I'm bracing this one with a pair of covers. I prefer the bottom cover in terms of pictorial drama, but the above has a good quote (the bottom's has a double-edged sword in meaning).
The second half opens with Reynolds' earliest "Dilation Sleep" where the protagonist is awakened from sleep by his programmed wife to act as surgeon to excise the cancer that is his wife's software. Dramatic but not completely worked out and not resonant. It may pay off to compare the more successful later stories to this earlier journeyman's work. It has the loss of his wife's memory going for it.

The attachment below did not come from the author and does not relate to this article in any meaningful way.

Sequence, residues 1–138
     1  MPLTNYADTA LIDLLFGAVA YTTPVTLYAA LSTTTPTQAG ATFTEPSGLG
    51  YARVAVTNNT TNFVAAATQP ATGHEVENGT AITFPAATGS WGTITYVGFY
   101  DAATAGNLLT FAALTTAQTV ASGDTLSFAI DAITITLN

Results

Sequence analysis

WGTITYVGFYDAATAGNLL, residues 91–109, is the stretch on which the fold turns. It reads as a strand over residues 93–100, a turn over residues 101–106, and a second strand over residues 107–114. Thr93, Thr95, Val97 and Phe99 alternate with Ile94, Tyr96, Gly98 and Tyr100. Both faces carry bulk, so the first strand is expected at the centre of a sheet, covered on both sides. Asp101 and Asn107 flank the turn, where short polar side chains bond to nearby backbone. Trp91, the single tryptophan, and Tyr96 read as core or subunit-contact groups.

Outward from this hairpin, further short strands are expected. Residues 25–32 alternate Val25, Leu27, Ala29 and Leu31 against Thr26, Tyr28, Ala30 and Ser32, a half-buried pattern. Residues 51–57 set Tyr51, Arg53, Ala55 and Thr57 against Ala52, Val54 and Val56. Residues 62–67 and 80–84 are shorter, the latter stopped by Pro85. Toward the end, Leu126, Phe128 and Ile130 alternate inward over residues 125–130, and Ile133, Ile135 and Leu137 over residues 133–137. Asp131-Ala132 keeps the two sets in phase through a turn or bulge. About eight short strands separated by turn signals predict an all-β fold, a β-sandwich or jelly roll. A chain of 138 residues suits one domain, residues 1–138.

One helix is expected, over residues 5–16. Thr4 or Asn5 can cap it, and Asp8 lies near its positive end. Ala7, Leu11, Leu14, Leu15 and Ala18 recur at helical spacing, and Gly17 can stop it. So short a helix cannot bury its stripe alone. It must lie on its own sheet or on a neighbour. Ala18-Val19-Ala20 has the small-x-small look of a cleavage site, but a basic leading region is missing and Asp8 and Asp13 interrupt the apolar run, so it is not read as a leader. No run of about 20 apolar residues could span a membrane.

On the other hand, "Grafenwalder's Bestiary" is an old story made new in a powerful way. Grafenwalder is an interesting character in whom we simultaneously root for and against, constructing the most complex reader emotions toward any of Reynold's characters in the collection. Grafenwalder has the most unique collection among the local collectors, but a newcomer, Ursula Goodglass, keeps vying for that title. He's come up with the upper hand up until Goodglass tursns up with the living dissected parts of humanity's most reviled re-creator of humanity. Grafenwalder scores a Europan Denizen, which turns out not to be what he thought. The most fascinating aspect of this story is how--no matter what your opinion is of the character's outcome--your own moral feelings are problematic. As such, it's a wonderful skewering of revenge tales. This may well be a classic. My mind keeps wandering back to it.